Computer models used to simulate what heat-trapping gases will do with global temperatures have been quite punctual in your predictions, a new study found.
After years of listening to critics, they have discovered the accuracy of models, climate scientist Zeke Hausfather decided to see how good they have been. He located 17 models used between 1970 and 2007 and found that most of them predicted results "indistinguishable from what actually happened."
"In general, our models got it right, a little bit," said Hausfather, UC Berkeley scientist, climate and energy director at UC Berkeley. Innovative Institute. "If they get it wrong, it's a little hot, but I wouldn't read much about it."
Ten of the 17 were close to the temperatures that actually happened, said Hausfather, lead author of a study in Wednesday's magazine Geophysical Research Letters.
But scientists really got physics right even more than that, Hausfather said.
Climate models are based on two main assumptions. One is the physics of the atmosphere and how it reacts to heat-trapping gases. The other is the amount of greenhouse gases released into the air.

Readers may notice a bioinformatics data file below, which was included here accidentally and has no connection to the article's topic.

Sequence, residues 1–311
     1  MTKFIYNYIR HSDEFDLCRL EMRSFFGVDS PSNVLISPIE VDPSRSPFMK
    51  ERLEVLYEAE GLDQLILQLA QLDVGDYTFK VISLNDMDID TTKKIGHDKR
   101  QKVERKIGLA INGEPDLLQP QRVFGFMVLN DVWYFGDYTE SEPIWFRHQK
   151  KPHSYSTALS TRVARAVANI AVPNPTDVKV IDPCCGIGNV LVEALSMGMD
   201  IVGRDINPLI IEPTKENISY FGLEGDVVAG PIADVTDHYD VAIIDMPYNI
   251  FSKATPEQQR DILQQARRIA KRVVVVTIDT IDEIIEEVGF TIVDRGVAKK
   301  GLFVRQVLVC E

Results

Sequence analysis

Scientists were sometimes wrong in their predictions about the growth of carbon pollution, saying there would be more gases than there really are, Hausfather said. If the amount of heat-trapping gases is wrong, the temperatures are wrong.
So Hausfather and colleagues, including NASA climate scientist Gavin Schmidt, analyzed the performance of models only in pure science, eliminating the emission factor. By that count, 14 of the 17 computer models accurately predicted the future.
Scientists also gave each computer simulation a "skill score" that essentially assigned a percentage to each. The average grade was 69%.
One of the first computer models, manufactured in 1970, obtained 91%. Most striking is that, at the time, climate change was not noticeable in the annual temperature records as it is now, Hausfather said.
Stanford University climate scientist Noah Diffenbaugh, who was not part of the study, called the work creative and the results were impressive.
"Even without knowing what the current level of greenhouse gas concentration would be, climate models very well predicted the evolution of global temperature," said Diffenbaugh.
It is crucial that these models are accurate because "we have a planet Earth so that we cannot conduct controlled experiments on the real climate system," he added.
University of Illinois Climate Scientist Donald Wuebbles, who also did not participate in the study, said climate change deniers "do a lot of weird things to misrepresent models. None of these analyzes was valid and should be ignored. We should no longer debate the basic science of climate change."